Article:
Some postsecondary teachers work for online universities or teach online classes. They use websites to present lessons and information, to assign and accept students’ work, and to participate in course discussions. Online professors communicate with students by email and by phone and might never meet their students in person.

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How To Become A Psychology Teacher

Educational requirements vary with the subject taught and the type of educational institution. Most commonly, postsecondary teachers must have a Ph.D. However, a master's degree may be enough for some postsecondary teachers at community colleges. In career and technical schools, work experience may be important for getting a postsecondary teaching job.

Education

Postsecondary teachers who work for 4-year colleges and universities typically need a doctoral degree in their field. Some schools may hire those with a master’s degree or those who are doctoral degree candidates for some specialties, such as fine arts, or for some part-time positions.

Doctoral programs generally take multiple years after the completion of a bachelor’s degree program. They spend time completing a master’s degree and then writing a doctoral dissertation, which is a paper presenting original research in the student’s field of study. Candidates usually specialize in a subfield, such as organic chemistry or European history.

Community colleges or career and technical schools also may hire those with a master’s degree. However, in some fields, there are more applicants than available positions. In these situations, institutions can be more selective, and they frequently choose applicants who have a Ph.D. over those with a master’s degree.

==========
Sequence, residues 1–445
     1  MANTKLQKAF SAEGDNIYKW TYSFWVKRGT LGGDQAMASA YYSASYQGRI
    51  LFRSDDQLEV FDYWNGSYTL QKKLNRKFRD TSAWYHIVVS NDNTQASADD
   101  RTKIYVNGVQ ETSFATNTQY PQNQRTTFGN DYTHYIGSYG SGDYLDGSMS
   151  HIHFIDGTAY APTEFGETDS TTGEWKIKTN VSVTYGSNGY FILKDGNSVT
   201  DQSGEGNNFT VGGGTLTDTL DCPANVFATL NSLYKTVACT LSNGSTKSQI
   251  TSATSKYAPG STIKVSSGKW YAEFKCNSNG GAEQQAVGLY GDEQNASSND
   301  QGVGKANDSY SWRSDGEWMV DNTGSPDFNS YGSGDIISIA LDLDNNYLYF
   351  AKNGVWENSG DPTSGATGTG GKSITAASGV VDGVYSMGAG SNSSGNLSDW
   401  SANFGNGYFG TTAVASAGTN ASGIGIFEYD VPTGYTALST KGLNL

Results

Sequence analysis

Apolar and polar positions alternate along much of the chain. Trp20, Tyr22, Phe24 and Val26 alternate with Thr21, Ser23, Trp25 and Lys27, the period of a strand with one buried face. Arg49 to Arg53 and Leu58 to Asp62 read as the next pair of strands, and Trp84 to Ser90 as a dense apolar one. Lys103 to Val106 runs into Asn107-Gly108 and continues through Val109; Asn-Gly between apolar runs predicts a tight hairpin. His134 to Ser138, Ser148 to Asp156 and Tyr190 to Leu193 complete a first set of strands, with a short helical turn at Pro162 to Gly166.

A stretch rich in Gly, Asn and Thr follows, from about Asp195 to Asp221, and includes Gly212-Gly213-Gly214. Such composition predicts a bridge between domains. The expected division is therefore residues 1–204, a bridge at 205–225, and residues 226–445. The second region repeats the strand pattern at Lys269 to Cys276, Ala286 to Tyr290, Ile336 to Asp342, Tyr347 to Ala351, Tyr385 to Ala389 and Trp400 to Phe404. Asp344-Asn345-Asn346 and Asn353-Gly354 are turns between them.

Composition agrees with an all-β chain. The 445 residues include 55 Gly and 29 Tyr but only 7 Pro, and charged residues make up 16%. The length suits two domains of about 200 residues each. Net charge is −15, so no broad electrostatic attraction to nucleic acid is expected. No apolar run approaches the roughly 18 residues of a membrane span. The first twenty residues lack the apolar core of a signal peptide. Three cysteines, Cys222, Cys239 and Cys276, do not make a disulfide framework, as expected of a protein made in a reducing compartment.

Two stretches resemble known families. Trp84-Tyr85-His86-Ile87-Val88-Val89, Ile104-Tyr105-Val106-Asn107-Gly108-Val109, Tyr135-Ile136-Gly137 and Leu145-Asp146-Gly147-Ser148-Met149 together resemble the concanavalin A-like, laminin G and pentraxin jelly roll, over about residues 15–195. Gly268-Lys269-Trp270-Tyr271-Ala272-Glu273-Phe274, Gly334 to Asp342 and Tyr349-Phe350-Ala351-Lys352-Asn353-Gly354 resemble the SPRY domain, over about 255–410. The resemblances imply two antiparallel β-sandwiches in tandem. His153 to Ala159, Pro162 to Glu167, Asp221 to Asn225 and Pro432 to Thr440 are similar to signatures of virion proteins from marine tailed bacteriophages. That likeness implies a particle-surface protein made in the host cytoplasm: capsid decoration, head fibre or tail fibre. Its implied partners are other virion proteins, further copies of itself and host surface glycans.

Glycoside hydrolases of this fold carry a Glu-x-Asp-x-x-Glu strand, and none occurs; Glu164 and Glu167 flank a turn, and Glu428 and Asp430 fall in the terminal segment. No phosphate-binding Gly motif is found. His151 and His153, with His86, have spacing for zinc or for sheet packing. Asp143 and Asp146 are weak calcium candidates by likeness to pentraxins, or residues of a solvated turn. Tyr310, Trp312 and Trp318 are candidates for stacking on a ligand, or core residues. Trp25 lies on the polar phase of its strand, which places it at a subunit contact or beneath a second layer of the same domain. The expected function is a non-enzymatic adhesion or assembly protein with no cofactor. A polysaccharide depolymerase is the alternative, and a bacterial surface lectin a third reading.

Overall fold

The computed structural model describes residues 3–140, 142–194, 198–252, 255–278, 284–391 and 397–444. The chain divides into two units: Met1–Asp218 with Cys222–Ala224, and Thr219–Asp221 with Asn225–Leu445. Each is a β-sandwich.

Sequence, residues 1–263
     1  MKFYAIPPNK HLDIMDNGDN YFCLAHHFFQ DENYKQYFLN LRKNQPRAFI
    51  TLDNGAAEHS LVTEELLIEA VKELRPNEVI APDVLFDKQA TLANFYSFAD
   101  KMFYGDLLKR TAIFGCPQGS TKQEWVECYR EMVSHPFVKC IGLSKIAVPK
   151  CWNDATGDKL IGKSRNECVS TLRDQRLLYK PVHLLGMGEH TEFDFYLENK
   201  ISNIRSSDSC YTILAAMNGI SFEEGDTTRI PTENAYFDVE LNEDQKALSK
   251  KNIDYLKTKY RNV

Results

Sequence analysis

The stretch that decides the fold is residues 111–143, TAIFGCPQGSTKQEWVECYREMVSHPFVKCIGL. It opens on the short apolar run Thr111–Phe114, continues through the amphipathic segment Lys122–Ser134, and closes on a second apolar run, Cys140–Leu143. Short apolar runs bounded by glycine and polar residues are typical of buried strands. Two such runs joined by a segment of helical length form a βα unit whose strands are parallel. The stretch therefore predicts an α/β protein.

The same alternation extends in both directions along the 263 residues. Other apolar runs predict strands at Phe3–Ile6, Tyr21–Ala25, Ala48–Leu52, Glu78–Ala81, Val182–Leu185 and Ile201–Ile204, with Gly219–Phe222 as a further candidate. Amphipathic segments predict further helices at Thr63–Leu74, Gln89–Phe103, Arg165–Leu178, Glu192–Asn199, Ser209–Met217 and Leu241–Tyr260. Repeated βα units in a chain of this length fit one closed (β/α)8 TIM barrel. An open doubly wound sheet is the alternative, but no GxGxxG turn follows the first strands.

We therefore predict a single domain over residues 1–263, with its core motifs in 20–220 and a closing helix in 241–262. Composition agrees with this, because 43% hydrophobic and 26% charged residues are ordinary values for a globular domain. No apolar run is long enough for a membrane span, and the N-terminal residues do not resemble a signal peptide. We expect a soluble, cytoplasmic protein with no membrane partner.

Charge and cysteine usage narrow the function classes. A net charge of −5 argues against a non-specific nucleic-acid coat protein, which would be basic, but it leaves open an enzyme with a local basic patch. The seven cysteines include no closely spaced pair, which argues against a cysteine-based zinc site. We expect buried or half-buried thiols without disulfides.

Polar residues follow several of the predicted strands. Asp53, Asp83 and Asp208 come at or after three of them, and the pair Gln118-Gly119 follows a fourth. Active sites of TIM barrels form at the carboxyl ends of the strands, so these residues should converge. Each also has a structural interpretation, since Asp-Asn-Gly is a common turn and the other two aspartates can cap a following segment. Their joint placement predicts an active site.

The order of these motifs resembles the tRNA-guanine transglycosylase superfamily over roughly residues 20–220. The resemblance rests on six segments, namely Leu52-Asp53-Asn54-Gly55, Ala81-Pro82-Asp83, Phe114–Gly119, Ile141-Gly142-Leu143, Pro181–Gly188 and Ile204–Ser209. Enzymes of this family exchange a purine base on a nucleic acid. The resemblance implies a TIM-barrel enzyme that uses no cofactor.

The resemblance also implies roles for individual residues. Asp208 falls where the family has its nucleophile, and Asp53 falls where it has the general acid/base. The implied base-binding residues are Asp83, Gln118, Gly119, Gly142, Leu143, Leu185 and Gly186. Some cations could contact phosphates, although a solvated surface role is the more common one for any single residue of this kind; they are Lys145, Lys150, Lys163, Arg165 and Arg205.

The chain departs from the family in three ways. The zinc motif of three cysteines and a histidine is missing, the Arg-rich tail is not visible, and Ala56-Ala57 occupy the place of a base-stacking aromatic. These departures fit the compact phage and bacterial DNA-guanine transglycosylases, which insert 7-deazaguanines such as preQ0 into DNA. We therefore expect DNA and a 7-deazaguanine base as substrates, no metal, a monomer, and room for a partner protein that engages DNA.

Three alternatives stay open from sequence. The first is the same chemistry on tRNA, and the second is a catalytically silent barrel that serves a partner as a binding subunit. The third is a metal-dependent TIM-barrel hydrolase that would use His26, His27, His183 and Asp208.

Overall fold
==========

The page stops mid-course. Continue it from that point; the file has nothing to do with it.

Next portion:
Postsecondary teachers who teach career and technical education courses, such as culinary arts or cosmetology, may not be required to have graduate-level education. At a minimum they must hold the degree of the program in which they are teaching. For example, the teacher must hold an associate’s degree if they teach a program that is at the associate’s degree level. In addition, work experience or certification may be just as important as education for getting a postsecondary teaching job at a career or technical school.

Other Experience

Some institutions may prefer to hire those with teaching or other work experience, but this is not a requirement for all fields or for all employers.

In health specialties, art, or education fields, hands-on work experience in the industry can be important. Postsecondary teachers in these fields often gain experience by working in an occupation related to their field of expertise.

In fields such as biological science, physics, and chemistry, some postsecondary teachers have postdoctoral research experience. These short-term jobs, sometimes called “post-docs,” usually involve working for 2 to 3 years as a research associate or in a similar position, often at a college or university.

Some postsecondary teachers gain teaching experience by working as graduate teaching assistants—students who are enrolled in a graduate program and teach classes in the institution in which they are enrolled.

Some postsecondary teachers, especially adjunct professors, have another job in addition to teaching.

Licenses, Certifications, and Registrations

Postsecondary teachers who prepare students for an occupation that requires a license, certification, or registration, may need to have—or they may benefit from having—the same credential. For example, a postsecondary nursing teacher might need a nursing license or a postsecondary education teacher might need a teaching license.

Advancement

A major goal for postsecondary teachers with a doctoral degree is attaining a tenure—a guarantee that a professor cannot be fired without just cause. It can take up to 7 years of moving up the ranks in tenure-track positions. The ranks are assistant professor, associate professor, and professor. Tenure is granted through a review of the candidate’s research, contribution to the institution, and teaching.